Many of us feel overwhelmed by climate change and wonder whether our individual efforts are enough.
Collectively, though, we can make a big difference, and one important way you can help Tāmaki Makaurau reach its zero waste goal by 2040 is by recycling your food scraps.
Currently, around 45 per cent of the weight of what we put into our rubbish bins for collection each week consists of food scraps that can be composted - that’s around 100,000 tonnes going to landfill each year. This organic waste breaks down anaerobically (without oxygen) and emits carbon dioxide and methane – greenhouse gases that cause the earth’s temperature to rise.
As well as using your new food scraps collection service, there are heaps of eco-friendly ways you can dispose of food scraps, so here’s an easy guide to get you started.
Home composting: An ideal destination for the uncooked stuff
Composting is nature’s way of recycling. With the assistance of heat, moisture, oxygen and a hard-working bunch of microorganisms, biodegradable matter breaks down and is transformed into a rich soil conditioner that you can add to your garden.
Uncooked fruit and vegetable scraps, garden waste, leaves, egg cartons, newspapers, cardboard, hedge prunings, manure and even cotton lint from the clothes dryer can all be composted. It’s best not to add cooked foods to your compost bin as they attract rodents. Another great option is to dispose of uncooked food scraps in a worm farm.
If you’re not sure where to start, check out the Compost Collective’s website or sign up for one of their free courses.
Eat your leftovers and/or share surplus
One of the best destinations for food is your puku (belly). Eating or freezing leftovers is a great way to save money and avoid food waste. The same goes for excess fruit and veges you might have – freeze them or share with others. Your overwhelming glut of feijoas might be met with open arms by your neighbours.
What about cooked food that’s gone off?
If that five-day-old frittata at the back of the fridge has slipped your mind, it doesn’t have to be destined for landfill. Consider starting a bokashi, a system where food scraps – including cooked foods – are pickled in a compact system (great for apartment dwellers) using a microorganism-rich inoculant.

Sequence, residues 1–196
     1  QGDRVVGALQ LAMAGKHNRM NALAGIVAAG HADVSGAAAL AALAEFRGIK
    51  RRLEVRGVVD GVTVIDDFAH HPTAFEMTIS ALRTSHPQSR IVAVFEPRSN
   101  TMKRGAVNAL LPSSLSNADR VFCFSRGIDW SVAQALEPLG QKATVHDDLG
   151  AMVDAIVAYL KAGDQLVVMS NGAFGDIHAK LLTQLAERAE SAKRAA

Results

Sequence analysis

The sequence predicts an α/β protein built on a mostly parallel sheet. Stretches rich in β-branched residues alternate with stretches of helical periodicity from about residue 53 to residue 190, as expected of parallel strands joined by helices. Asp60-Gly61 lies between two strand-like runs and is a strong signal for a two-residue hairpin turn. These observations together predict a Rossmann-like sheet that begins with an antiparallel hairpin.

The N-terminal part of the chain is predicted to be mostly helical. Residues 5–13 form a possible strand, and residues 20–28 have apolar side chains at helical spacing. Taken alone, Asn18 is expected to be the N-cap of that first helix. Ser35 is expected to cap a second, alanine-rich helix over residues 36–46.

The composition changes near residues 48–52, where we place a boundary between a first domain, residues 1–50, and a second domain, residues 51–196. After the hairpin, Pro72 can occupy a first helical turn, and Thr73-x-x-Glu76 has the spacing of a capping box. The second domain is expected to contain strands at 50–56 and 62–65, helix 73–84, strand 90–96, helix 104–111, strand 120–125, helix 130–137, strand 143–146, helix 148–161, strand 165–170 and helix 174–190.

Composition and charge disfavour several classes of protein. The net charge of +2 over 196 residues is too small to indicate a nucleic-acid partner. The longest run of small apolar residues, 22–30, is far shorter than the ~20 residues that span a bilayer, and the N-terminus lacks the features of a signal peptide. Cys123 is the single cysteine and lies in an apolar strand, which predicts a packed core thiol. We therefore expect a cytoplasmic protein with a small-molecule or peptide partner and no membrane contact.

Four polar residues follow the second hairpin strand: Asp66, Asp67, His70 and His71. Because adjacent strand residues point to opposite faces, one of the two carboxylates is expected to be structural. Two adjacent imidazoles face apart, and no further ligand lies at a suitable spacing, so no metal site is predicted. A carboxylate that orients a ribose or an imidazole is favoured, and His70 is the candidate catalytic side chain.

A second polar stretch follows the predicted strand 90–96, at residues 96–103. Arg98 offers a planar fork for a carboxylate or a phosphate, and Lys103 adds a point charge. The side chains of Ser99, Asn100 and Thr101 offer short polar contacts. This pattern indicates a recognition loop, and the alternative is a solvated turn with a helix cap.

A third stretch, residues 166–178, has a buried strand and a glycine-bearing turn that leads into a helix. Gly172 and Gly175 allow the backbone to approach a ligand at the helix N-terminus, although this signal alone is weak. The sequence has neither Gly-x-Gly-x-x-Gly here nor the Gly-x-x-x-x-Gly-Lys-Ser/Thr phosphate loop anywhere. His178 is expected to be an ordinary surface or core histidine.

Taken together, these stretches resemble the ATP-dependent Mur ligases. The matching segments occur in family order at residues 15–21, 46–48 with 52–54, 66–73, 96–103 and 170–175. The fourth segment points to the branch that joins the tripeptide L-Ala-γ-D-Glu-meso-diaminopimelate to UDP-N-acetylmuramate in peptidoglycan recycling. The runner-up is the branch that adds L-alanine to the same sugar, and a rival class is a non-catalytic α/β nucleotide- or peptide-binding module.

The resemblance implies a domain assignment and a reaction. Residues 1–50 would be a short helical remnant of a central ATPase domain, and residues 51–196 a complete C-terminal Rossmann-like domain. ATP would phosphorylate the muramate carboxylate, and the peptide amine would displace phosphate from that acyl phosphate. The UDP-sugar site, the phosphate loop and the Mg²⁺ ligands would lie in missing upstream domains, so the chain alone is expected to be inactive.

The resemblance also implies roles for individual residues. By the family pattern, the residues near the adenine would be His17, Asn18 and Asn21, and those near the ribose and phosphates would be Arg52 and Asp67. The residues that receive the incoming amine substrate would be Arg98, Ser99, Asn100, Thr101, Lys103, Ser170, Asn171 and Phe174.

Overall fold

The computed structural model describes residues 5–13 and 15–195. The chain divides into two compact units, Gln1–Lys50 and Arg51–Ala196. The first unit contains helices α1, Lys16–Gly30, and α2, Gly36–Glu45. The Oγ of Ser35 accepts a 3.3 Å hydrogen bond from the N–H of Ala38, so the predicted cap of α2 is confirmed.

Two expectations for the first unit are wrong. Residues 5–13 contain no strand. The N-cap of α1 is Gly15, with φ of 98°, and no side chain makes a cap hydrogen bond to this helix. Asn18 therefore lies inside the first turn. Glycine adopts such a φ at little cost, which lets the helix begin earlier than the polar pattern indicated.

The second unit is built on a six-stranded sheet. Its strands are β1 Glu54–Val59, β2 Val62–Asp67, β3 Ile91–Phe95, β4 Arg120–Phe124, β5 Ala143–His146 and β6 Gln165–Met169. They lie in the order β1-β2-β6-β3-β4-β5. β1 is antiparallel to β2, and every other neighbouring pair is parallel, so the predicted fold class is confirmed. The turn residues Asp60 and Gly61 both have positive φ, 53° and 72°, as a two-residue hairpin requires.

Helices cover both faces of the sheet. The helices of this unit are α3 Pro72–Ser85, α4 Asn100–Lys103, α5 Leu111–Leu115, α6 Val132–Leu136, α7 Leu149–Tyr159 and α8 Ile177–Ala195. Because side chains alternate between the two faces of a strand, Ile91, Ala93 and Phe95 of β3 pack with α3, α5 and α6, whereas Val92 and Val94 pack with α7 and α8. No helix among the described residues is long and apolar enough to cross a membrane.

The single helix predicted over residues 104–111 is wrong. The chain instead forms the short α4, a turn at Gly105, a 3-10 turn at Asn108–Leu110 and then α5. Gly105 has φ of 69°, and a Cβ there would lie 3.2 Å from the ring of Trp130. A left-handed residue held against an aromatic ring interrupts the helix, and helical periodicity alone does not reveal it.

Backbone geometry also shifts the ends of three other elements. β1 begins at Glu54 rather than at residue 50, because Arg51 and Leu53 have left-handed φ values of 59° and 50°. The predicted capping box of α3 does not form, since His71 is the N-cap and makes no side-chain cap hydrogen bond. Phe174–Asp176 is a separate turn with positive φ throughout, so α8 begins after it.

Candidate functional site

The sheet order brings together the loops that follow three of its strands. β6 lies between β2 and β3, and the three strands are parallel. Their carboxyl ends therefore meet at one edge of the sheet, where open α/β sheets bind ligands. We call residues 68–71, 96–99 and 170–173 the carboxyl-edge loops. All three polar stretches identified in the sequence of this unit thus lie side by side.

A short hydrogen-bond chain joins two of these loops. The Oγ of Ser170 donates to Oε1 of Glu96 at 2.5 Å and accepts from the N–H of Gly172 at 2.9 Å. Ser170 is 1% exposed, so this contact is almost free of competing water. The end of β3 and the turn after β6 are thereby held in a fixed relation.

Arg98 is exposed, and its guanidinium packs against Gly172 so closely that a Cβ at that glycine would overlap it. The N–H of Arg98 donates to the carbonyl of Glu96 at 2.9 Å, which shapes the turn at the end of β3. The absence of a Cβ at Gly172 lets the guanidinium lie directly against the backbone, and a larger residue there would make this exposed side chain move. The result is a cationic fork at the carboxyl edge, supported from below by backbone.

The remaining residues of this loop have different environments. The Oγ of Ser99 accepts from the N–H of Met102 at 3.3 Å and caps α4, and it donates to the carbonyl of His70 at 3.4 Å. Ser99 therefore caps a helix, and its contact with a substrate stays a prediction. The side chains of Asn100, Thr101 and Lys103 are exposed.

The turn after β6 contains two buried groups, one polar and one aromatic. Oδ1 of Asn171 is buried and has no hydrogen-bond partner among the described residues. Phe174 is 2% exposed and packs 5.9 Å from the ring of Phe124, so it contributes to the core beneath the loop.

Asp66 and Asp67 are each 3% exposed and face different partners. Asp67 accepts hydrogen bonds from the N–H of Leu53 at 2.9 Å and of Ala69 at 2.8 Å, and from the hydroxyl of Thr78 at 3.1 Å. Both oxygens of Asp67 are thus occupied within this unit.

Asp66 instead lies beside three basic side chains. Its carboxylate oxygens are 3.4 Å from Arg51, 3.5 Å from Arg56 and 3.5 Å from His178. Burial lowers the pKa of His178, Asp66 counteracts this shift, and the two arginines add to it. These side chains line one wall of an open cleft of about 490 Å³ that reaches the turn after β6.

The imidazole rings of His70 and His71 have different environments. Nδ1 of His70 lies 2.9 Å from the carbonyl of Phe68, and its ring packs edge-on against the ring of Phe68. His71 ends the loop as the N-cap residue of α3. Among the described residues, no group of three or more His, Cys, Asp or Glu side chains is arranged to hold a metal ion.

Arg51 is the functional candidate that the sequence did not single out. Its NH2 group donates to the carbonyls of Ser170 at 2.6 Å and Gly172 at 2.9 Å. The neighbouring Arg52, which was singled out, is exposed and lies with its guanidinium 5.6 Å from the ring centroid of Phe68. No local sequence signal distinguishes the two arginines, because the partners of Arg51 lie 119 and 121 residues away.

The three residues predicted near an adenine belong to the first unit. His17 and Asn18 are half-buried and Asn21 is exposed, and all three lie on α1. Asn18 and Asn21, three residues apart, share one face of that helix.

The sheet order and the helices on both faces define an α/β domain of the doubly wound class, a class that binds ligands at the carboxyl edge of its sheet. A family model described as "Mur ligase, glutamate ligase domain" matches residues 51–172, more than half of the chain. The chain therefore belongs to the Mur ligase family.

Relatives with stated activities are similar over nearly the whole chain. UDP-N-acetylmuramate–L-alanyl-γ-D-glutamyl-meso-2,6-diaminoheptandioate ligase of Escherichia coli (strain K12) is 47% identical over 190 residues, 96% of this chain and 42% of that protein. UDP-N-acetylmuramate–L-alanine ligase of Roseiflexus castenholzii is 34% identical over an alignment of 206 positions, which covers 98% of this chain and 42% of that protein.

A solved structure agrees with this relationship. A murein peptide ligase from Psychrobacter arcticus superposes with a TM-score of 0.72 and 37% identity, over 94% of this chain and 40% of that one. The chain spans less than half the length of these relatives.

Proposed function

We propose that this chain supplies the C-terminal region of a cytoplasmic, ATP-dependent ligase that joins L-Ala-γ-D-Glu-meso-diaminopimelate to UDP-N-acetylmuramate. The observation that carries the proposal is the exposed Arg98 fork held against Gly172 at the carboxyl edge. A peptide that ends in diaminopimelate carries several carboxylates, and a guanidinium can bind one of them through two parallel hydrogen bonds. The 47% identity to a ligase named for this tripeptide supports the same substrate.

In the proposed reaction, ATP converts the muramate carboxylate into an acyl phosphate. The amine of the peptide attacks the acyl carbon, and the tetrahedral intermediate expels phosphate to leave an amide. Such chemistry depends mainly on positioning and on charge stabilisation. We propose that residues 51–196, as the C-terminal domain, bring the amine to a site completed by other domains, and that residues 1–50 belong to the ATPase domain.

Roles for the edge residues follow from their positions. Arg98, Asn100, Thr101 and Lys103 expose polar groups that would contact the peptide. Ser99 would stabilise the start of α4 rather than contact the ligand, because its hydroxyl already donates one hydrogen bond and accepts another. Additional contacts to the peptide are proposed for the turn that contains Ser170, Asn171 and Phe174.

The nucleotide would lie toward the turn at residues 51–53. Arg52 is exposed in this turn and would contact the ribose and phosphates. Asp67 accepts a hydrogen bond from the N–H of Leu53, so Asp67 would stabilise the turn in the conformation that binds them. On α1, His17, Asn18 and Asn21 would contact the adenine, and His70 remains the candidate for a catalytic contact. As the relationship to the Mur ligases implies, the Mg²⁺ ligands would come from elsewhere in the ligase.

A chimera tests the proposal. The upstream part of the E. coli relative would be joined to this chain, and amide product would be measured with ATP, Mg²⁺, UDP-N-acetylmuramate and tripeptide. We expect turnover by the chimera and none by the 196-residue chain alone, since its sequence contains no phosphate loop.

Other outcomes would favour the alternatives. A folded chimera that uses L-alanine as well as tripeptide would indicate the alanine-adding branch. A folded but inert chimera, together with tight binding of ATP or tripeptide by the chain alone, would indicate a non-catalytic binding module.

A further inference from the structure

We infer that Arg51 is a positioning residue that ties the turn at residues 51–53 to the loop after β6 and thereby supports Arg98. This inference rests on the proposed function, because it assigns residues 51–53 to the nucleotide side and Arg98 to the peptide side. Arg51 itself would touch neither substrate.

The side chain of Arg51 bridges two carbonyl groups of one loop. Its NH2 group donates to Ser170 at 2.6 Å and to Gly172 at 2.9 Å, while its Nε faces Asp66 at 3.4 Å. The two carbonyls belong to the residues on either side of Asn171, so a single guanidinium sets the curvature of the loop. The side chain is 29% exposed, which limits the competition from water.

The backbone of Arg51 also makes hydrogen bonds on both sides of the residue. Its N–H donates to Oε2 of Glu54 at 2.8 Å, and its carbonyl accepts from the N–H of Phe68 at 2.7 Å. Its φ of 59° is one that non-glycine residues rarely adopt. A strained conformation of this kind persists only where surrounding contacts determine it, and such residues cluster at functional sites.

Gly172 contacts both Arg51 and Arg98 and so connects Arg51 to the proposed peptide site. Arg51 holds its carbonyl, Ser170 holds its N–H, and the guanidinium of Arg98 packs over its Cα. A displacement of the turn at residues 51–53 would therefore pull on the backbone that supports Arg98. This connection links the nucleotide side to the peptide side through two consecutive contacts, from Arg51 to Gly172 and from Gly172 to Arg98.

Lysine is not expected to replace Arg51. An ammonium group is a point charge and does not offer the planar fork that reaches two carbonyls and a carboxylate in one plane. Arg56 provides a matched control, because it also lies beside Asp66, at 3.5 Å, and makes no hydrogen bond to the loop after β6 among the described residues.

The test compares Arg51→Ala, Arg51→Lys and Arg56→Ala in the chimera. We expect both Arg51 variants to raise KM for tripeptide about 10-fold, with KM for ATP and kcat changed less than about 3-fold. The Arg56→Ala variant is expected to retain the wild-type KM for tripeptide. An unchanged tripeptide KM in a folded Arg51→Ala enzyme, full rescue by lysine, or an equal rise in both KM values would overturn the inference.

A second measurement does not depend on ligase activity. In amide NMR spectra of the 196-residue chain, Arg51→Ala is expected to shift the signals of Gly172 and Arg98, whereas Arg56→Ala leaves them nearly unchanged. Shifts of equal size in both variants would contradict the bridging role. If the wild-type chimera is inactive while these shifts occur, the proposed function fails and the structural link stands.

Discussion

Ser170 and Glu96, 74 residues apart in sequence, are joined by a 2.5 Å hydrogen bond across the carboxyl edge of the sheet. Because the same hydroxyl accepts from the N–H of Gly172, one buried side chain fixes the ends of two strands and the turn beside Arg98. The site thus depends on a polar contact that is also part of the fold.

The liquid end product can be tipped down the sink or toilet and will clean your drains, or you can dilute it with water and use it to feed your plants. The solid end product can be used as compost.
What else can I do if I don’t have space for a compost heap, or bokashi doesn’t appeal?
Auckland Council’s new food scraps collection service is going to be a zero-waste game-changer. Instead of breaking down in landfill and emitting harmful greenhouse gases, an estimated 40,000 tonnes of food scraps each year will be taken to a processing plant in the central North Island and converted into renewable energy and liquid fertiliser.
Between April and October, half a million Auckland households will receive a 23-litre food scraps collection bin that will be collected weekly on your council rubbish collection day, as well as a handy kitchen caddy and a starter pack of compostable bin liners.
Even if you’re making compost at home, this food scraps collection service is still a great option because, unlike a home compost system, you can put meat, bones, bread products, pasta and dairy in your council food scraps bin.
It’s a win-win for people and for the planet.